You may be using the wrong techniques for business development and looking in the wrong places for clients. If you are looking for clients on outsourcing websites like Elance, Odesk, eWorker etc. be aware that the clients on those websites are usually middle men looking to outsource their clients' projects to cheap resources in India and other countries. The competition is stiff there and the usual rates are what you described. Instead of wasting time there you should be active in your local community and network with potential clients who are bigger companies and want quality as well as reliability. If you have been in the field for 15 years, you should have built a network of local clients who value your services. Referrals from satisfied clients are a great way to build your business. Join your local chamber of commerce. Attend trade shows. Sometimes people in technical professions lack communication skills and do not understand marketing with the result that they sell themselves short. Consider taking some courses in marketing. Write a blog where you can display your expertise. Join Linked In groups and answer technical questions. Deliver talks and lectures. Build a public media brand image. There are lots of things that you can do to market yourself to attract the right sort of clients.
I always use comparative pricing. don't get one contract at a time. Get 2 or 3. The second one gets priced higher as it requires overtime (effectively). So 15$/hr for the first project, 20$/hr for the second and 25/hr for the third. As time progresses, your rate naturally goes up if you are busy or if you are uncompromising.
Lately, I have been offered a lot to do some very specific jobs. I realised that I can't take one person's money and then offer the same for much less to others, so I have raised my overall rates and it is working really well.
If the client needs to compete for you, they will understand paying you more.
I just recently helped a client with this same issue which resulted in a great breakthrough in his new business, so perhaps I can help you as well.
My suggestion: Gain clarity about what you want your work/life to look like that aligns with your personal values, identify a client base who fits into that design, and then market to them using the rate that they would expect to pay for such a service. When you place the vision for your life at the center of the equation and build out from there, you will get clients who are happy to pay for "you" rather than just for your service.
For example, your question implies that your current client base is less than ideal because they are choosing cheap service instead of choosing you. A more elite market expects to pay more, and often equates a lesser rate with lesser quality. Clearly you have an impressive background. It may help you to think of your rate in terms of what your ideal clients want to pay rather than what you are worth. You will lose lower paying clients, but you will also lose the headaches that many of them bring into the project and create space for more ideal clients.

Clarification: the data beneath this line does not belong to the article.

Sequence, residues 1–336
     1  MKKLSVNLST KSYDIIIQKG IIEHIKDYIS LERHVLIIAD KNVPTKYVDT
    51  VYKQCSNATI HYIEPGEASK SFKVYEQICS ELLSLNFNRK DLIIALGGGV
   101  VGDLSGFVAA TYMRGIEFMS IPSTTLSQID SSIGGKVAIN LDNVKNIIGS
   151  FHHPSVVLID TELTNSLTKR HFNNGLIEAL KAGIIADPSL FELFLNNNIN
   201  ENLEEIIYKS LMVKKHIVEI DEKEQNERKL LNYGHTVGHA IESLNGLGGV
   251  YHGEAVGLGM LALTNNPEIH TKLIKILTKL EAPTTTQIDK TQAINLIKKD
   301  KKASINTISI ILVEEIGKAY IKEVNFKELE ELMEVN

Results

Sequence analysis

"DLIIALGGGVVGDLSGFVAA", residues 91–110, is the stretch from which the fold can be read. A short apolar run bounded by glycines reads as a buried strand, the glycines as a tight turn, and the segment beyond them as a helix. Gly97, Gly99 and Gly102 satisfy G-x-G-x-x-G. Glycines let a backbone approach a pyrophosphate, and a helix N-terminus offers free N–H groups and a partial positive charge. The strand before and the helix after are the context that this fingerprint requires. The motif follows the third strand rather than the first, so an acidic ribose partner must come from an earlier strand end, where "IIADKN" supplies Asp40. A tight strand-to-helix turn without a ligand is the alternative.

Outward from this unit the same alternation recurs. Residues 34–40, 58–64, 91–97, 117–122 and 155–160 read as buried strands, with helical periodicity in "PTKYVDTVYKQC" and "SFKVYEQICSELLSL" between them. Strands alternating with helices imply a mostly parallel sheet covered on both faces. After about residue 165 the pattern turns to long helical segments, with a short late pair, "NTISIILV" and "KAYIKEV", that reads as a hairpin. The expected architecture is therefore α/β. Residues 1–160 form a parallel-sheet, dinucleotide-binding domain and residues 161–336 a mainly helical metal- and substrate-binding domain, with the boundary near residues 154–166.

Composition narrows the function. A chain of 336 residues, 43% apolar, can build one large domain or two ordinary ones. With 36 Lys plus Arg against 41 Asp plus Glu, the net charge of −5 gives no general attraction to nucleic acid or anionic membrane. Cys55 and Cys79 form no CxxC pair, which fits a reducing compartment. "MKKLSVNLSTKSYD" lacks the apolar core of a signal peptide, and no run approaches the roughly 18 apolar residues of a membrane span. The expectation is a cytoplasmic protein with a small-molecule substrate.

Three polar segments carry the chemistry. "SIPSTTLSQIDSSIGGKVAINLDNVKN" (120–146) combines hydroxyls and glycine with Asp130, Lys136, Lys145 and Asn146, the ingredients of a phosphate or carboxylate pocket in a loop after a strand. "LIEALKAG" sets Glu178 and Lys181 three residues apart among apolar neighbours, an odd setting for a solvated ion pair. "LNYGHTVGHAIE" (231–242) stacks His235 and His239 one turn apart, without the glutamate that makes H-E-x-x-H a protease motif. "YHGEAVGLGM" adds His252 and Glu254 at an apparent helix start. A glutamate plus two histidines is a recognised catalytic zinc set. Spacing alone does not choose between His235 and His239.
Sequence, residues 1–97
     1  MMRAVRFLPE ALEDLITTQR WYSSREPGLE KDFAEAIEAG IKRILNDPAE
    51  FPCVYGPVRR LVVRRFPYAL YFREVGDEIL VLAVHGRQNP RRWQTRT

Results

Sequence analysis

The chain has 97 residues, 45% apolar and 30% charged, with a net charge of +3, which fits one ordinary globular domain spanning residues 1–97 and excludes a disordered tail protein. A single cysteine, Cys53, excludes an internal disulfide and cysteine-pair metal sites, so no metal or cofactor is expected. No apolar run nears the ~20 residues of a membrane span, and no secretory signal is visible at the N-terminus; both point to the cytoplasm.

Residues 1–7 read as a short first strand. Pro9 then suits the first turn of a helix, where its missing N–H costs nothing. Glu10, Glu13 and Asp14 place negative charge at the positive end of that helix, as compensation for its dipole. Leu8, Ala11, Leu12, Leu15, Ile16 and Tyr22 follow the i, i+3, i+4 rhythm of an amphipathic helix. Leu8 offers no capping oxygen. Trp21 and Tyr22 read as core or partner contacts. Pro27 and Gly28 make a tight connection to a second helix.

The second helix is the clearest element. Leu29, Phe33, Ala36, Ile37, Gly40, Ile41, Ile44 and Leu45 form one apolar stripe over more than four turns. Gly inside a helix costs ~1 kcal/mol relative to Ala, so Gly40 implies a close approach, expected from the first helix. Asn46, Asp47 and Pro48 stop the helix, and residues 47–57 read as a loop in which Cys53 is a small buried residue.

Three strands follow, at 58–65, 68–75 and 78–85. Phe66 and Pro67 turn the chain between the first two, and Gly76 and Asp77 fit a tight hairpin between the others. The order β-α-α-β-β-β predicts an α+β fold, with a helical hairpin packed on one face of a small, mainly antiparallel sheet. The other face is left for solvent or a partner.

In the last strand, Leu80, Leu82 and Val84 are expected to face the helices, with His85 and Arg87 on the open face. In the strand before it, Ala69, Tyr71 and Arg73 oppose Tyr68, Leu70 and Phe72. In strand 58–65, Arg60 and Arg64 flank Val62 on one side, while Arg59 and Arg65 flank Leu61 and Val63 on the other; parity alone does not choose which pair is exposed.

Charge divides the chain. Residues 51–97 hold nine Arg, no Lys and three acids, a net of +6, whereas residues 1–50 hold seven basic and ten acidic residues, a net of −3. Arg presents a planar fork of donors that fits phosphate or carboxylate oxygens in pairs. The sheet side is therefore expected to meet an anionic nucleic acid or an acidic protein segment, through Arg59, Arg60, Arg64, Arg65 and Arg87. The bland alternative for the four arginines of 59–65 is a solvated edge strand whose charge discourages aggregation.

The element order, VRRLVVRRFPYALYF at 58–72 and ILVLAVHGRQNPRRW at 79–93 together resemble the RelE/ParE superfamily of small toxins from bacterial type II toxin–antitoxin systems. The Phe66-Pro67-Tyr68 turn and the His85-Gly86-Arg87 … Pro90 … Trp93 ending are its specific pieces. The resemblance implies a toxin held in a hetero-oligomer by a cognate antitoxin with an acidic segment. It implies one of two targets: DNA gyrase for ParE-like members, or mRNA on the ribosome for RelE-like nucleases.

The book, "Book Yourself Solid", is a resource that you might find helpful. Of course if you have any follow up questions, I'd welcome the opportunity to speak with you. Hope that helps!
I just came across this question, and after briefly looking through the answers you have, I am not satisfied with the ideas/solutions they are proposing based on your situation.
I run a design studio, do a great deal of design and development work and hire many designers and developers as contractors around the world. I am 100% confident that I can help you position yourself to raise your rates regardless of where you live in the world.
Send me a message through Clarity and I'll schedule a quick call with you at no charge. I'm sure that in a few minutes I can provide you with a concrete, actionable strategy to reposition yourself in the market quickly.
The quote is derived from the 'efforts, time and value' matrix. Before you see what is the average quote in your country/region, see what value you are offering to your clients. If your service matches with a professional in the US, for quality, value and other such parameters, why the client would not pay you the same amount?
Now, the key is to explain the value that you bring to your client's vision, in layers. Make them understand how the quote of USD 15 per hour is different from USD 30 per hr and from USD 50 per hr. If the client wants the USD 40 per hour work for USD 15 per hour cost, he does not deserve you and you should not be working for such clients.